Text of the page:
For 25 years we have been working with our partners to provide innovative thinking and research to drive sustainable outcomes. And in 2014 we've continued our tradition, generating rigorous science and solutions in response to challenges at the interface of the environment and human development.
This report presents stories about work we did last year that have helped to change minds and policy. We've used film, text and images to describe highlights of our impact at the level of global policy down to regional and local outcomes.
Of course you can also find our financial information and other data sets that give a picture of the institute in 2014. You can navigate the report by scrolling through, or use the menu on the left to jump to specific sections.
Last year we also developed a new five-year strategy, which we believe gives us the platform we need to be even more effective in our work. You can view and download the strategy towards the end of the report.
Welcome to the 2014 SEI annual report.
Sustainable outcomes require responses at the level of global policy down to local communities. SEI's work spans and connects these scales. Here you can explore three examples of our work last year that have substantial implications at the global level.
SEI works in all regions of the world on a broad range of sustainability issues. This section presents a small selection of our activities in 2014 that have helped to tackle regional challenges. Click on the tabs below to explore how we’ve made a difference.
Africa's development faces many challenges, such as climate change, but there are also many possibilities, in such as urbanization and energy access. These stories illsutrate how last year SEI worked to overcome obstacles and pursue opportunities in Africa.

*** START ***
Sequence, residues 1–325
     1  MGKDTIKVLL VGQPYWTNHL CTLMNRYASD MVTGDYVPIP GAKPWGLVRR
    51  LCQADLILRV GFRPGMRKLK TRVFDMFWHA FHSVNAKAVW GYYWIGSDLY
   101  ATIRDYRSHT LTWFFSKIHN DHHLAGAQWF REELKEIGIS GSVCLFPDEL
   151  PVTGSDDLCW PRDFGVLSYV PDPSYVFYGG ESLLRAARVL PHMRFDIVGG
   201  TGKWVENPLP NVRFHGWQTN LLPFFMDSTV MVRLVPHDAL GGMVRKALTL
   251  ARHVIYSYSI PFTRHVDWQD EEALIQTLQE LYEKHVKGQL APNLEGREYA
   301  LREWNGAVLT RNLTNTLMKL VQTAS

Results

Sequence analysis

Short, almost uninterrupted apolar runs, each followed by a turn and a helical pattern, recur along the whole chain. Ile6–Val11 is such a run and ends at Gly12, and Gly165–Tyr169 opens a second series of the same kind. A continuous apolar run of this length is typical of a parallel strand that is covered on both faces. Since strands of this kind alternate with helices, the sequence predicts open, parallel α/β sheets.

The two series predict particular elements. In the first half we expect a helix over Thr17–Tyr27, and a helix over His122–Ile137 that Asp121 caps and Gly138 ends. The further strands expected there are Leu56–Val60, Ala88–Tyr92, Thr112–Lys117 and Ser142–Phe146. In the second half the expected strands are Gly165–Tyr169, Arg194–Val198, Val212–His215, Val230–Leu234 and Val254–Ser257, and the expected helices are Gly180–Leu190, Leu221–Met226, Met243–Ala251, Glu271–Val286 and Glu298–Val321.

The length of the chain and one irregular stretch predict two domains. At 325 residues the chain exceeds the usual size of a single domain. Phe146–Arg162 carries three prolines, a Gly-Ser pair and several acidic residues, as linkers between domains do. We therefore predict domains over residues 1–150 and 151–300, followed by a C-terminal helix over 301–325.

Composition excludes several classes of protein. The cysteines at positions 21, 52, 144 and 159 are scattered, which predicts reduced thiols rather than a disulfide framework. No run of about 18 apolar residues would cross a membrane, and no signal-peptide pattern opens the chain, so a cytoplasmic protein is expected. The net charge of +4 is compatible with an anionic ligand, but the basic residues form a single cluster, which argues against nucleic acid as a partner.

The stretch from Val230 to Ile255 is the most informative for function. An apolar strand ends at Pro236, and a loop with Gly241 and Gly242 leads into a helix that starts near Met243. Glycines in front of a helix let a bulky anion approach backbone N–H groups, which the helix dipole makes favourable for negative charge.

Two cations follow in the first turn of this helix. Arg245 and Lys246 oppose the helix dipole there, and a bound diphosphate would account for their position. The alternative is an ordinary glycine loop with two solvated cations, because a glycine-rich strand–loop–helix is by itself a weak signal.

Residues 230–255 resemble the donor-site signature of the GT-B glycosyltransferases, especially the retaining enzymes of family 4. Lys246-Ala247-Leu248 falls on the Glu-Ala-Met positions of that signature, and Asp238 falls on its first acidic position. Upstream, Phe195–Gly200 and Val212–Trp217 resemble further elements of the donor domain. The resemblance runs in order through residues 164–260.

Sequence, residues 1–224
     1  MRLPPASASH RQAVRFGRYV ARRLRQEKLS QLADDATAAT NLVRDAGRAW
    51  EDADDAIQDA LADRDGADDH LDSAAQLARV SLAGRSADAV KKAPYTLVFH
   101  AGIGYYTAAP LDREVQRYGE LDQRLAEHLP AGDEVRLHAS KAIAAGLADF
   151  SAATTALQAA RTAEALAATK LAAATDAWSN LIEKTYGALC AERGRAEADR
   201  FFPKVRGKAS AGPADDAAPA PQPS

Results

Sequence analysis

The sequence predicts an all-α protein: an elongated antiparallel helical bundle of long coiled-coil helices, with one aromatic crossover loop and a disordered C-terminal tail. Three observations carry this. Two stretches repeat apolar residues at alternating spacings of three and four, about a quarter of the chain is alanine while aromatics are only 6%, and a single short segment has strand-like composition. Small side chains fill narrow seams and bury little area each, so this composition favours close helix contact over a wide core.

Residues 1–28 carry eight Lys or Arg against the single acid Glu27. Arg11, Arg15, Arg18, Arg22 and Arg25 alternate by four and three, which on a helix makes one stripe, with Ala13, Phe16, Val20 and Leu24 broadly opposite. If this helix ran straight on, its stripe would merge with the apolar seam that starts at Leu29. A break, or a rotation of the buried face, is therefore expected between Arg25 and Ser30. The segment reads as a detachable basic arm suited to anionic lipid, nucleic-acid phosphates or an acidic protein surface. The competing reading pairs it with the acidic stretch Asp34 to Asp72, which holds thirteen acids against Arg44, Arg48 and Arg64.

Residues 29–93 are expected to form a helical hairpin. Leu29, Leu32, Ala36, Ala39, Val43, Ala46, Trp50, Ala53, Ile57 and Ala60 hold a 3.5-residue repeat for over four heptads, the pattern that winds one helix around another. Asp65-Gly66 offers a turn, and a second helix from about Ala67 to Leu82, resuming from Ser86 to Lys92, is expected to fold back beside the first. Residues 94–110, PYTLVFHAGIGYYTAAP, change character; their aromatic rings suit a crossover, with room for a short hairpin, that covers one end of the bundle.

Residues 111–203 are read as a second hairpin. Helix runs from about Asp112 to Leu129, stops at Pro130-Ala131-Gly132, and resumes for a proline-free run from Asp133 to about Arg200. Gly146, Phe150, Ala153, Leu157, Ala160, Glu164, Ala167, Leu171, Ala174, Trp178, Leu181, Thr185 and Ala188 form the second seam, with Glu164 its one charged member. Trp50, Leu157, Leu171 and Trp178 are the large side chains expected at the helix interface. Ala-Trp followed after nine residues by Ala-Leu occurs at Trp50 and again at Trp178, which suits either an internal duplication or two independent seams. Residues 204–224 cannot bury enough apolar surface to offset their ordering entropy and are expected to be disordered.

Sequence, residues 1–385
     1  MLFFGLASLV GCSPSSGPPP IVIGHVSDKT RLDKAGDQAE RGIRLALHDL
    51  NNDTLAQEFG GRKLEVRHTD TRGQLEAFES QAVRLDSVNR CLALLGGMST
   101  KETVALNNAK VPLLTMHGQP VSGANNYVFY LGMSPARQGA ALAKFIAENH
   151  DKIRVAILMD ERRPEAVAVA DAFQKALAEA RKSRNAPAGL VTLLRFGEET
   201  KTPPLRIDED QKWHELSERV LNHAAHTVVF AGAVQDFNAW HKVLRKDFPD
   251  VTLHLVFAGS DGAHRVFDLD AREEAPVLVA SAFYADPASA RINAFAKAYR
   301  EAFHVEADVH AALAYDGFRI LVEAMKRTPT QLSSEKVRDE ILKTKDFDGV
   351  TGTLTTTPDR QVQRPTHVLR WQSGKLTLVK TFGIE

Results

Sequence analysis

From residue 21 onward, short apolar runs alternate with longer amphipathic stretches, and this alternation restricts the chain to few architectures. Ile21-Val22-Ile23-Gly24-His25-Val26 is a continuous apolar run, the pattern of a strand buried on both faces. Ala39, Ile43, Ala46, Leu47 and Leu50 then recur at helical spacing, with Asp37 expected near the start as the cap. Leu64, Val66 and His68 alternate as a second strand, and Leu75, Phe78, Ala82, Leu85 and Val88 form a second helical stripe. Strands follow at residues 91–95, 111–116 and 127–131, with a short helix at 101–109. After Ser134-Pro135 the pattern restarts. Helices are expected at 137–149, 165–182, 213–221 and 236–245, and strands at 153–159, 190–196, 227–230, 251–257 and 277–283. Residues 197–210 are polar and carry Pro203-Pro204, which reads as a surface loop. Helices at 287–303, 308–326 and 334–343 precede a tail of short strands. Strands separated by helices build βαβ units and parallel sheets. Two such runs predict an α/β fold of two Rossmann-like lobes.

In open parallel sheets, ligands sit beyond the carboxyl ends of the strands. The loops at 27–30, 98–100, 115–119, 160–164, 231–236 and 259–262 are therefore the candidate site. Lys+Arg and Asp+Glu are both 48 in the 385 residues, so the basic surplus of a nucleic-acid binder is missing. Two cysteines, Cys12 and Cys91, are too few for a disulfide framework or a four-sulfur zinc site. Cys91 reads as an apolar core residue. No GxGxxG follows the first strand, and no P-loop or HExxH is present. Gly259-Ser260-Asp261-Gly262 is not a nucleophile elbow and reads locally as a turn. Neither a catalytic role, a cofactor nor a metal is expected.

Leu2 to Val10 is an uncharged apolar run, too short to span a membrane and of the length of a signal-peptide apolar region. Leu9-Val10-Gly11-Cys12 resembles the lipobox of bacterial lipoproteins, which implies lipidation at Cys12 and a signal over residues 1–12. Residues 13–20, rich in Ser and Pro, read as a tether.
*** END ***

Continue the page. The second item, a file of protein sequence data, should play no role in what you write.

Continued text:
SEI used its "nexus" toolkit – the WEAP and LEAP tools for water and energy planning – to assess Ethiopia's ambitious development plans in terms of their impact on food, energy and the environment.
In a series of workshops, SEI worked with local planners, scientists and NGO staff from the agriculture, energy, water and environment sectors to develop three scenarios. One was a business as usual path, the second followed the government's national growth plans, and the third took a nexus approach. The work revealed that, by not taking sufficient account of the links between sectors and resources, the government's plans may not be sustainable or achievable without a toll on human well-being and ecosystems.
The nexus scenario gave greater priority to sustainable resource use and incorporated rich data on how use of one resource can impact on others, and performed better than the government's growth plans.
SEI's work has helped to build up and facilitate dialogue in the region, giving planners, policy-makers, civil servants and the NGO community a better understanding how resource-use connects across sectors and links to development choices.
For example, energy workers have a clearer understanding that if more water is used upstream for irrigation, there is less water available to produce energy for hydropower. And there is a clearer perception in the agriculture sector that without expanding access to electricity, the need for woodfuel increases, impacting on food production.
The outcomes were so positive that the Amhara National Regional President's Office has called for further support from SEI in implementing current policies and develop new ones.
SEI informs local and national government efforts to make Kenya’s new energy policy better meet local needs.